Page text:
Recently, the organization Quantum Women was officially launched. Based in Australia, this professional network provides support, empowerment, and opportunities to women all over the globe who are interested in quantum technology. This organization joins several others out there working to achieve higher diversity in the quantum industry and adjacent fields. To learn more about Quantum Women, I interviewed founders Biliana Rajevic, the Strategic Engagement Lead at QuintessenceLabs; and Irene Fernández de Fuentes, a 4th-year Ph.D. student at the University of New South Wales (UNSW).
Fernández de Fuentes’ research is in designing the architecture for quantum processors, so her interests naturally drew her to the quantum industry. “I was interested in quantum technologies because the idea that we can engineer systems to explore quantum effects I find very powerful,” she said. “And even more, we can use those systems to solve problems that could otherwise not be solved due to a lack of computational power.” Studying at UNSW, Fernández de Fuentes has already seen the quantum ecosystem grow significantly in Australia. She hopes to have her own research add to this ecosystem. “I’m an experimental scientist. I make my own qubit devices on silicon chips, and I will either be fabricating these devices in a cleanroom or testing them in a dilution refrigerator. In particular, I’m investigating the benefits and limitations of these qubit architectures, and how we can improve their performance.”
In contrast, Rajevic does not design quantum systems but instead is fascinated by the possibilities and impact of the technology. “I’m interested from a commercial lens, looking at the practical applications,” she explained. “I’m also interested in what is the unknown human impact? I think, for me, it’s both scary and fascinating at the same time.” Rajevic entered the quantum industry through her work at the Sydney Quantum Academy. The possibilities of the technology fascinated her, and she wanted to learn more. “I would spend countless hours after work just trying to read up on what quantum actually is, and what these scientists do,” Rajevic stated. “And I would reread the same article literally 5 times and every time I’d learn something new. I believe everyone should try to reach a certain level of understanding about what quantum is.” Now working at Quintessence Labs, a cutting-edge company operating at the intersection of cyber security and quantum technology, Rajevic feels she can fully satiate her interests. “I have a dream job. Every day I get to apply my many years of global experience across strategy, corporate advisory, and business development, tied in with quantum and cyber security,” she added. With her interests driving her, Rajevic began looking for other women in this field, including Fernández de Fuentes.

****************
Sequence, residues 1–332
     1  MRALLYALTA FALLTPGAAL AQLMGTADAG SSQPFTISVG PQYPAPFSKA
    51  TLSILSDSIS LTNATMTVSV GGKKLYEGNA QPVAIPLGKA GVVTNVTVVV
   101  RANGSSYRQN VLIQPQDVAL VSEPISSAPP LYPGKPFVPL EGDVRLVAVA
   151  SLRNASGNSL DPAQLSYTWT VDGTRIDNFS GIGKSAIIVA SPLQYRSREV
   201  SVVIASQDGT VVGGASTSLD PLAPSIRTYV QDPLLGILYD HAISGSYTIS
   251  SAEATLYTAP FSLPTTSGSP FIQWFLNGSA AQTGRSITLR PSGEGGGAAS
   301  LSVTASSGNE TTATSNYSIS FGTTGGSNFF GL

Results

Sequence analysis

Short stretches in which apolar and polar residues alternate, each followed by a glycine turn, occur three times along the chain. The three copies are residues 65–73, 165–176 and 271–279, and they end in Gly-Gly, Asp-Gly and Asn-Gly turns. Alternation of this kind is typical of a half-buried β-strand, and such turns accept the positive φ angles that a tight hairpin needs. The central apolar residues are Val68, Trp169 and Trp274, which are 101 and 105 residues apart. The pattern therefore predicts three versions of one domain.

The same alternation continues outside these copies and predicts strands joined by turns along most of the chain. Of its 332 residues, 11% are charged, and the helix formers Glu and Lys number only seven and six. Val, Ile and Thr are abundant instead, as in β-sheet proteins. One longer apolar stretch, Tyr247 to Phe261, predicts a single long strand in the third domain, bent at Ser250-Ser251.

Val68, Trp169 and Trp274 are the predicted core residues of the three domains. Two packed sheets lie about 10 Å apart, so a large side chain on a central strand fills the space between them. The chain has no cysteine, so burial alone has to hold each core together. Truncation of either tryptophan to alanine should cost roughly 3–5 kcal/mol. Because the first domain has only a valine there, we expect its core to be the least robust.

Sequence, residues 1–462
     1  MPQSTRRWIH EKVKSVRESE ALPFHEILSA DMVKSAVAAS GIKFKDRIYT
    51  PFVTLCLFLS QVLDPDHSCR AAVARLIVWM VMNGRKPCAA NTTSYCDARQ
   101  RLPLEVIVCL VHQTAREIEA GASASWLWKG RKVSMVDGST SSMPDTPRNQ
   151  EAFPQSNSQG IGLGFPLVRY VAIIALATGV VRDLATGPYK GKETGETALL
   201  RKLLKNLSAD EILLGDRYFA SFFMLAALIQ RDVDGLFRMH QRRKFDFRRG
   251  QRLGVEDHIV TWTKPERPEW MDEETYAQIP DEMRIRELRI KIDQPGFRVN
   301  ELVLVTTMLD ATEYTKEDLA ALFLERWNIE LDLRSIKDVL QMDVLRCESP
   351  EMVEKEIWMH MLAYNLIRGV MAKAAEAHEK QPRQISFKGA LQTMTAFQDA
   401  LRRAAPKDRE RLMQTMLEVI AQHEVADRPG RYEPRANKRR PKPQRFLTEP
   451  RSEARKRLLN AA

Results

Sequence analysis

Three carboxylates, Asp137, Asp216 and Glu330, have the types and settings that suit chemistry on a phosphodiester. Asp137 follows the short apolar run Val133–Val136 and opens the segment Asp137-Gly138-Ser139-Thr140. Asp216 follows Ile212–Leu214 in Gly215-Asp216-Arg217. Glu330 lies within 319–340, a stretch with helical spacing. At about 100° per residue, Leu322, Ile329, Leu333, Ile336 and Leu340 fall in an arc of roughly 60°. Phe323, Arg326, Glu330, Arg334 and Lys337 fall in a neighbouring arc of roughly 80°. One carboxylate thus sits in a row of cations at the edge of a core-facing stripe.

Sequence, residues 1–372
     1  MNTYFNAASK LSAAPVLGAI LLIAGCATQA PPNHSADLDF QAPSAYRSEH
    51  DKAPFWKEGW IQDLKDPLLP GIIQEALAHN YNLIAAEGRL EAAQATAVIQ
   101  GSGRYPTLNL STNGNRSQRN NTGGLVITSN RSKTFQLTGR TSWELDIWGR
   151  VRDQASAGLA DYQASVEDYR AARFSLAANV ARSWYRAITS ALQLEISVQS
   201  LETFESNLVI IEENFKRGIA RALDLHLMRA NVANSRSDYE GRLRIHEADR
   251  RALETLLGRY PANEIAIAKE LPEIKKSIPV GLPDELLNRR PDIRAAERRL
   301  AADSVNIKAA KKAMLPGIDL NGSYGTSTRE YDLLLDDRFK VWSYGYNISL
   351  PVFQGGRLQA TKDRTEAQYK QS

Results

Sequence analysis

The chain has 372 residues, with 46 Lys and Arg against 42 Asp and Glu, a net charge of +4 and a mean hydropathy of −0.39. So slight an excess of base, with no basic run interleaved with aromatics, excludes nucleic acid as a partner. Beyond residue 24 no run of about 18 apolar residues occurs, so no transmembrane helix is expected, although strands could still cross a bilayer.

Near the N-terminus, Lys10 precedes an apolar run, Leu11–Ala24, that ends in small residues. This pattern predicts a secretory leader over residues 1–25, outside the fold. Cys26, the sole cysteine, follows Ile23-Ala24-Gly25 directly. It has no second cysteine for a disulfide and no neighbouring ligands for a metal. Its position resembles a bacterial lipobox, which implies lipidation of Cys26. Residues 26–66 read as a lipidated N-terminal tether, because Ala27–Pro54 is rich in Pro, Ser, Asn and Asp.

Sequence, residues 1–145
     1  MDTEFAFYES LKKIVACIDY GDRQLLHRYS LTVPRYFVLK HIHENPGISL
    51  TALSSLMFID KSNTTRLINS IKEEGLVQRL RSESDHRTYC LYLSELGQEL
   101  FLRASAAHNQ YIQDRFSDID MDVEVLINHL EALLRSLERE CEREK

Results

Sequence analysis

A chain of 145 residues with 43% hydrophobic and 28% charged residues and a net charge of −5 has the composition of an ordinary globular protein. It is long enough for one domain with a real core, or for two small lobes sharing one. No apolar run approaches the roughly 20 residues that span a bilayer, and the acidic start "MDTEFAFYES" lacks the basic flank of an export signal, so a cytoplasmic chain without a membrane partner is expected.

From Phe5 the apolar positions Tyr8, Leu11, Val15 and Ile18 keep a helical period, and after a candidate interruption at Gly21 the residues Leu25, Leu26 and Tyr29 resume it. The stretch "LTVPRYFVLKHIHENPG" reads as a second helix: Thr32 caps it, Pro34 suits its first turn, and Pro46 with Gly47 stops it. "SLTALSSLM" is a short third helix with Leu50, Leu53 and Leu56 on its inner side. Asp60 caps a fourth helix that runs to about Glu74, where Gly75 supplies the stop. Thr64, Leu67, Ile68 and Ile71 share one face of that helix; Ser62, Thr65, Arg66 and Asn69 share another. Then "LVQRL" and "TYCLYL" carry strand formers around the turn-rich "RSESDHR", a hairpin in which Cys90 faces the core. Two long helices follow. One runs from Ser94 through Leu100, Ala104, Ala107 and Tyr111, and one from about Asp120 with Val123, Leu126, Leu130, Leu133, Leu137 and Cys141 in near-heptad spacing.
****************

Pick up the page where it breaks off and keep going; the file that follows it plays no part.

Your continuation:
Finding a large group of interested women in Australia gave Rajevic hope about the quantum industry itself. “I’ve worked in a very male-dominated environment my entire career,” she said. “And that includes investment banking in New York and London, and working in the tech startup industry. I look back over the last 25 years and see how very little has changed, and that makes me sad, to be honest. But Quantum Women is working on that. One of our pillars is Elevate. That means we really want to actively work with, let’s say, public event organizers and others to assure greater female representation on panels and in other events. That’s not something that requires years of change but can happen now. And we’re working toward that.”
Looking at the quantum landscape, Fernández de Fuentes also saw that there was work to be done, especially in how women are viewed. “My biggest goal is to eliminate the stereotypes,” she elaborated, “When you’re a female in a male-dominated space, the boundaries that society sets for you, simply for being of a certain gender, get amplified and you can really feel powerless sometimes. It’s a very subtle thing.” With Quantum Women, Fernández de Fuentes knows that she has a way to help break these stereotypes and open the door for more women to come into the industry. “Creating equal opportunities is the first step to establishing an environment where you can actually educate and promote the idea that what you’re doing is what you should be doing if you have chosen it freely.”
Looking back on the launch of Quantum Women, both Rajevic and Fernández de Fuentes saw that the new organization has already helped to make an impact. According to Rajevic, “One of the attendees came up to us afterward and said: ‘I don’t feel so alone anymore.’ So, it’s good to know we’re here as a community to help give strength and inspiration and immediately have an impact.”
Though Quantum Woman is based in Australia, it is open to anyone to join from around the world. With this organization and others working to level the playing field, the quantum industry can move forward knowing that there are networks of support out there for anyone who needs them.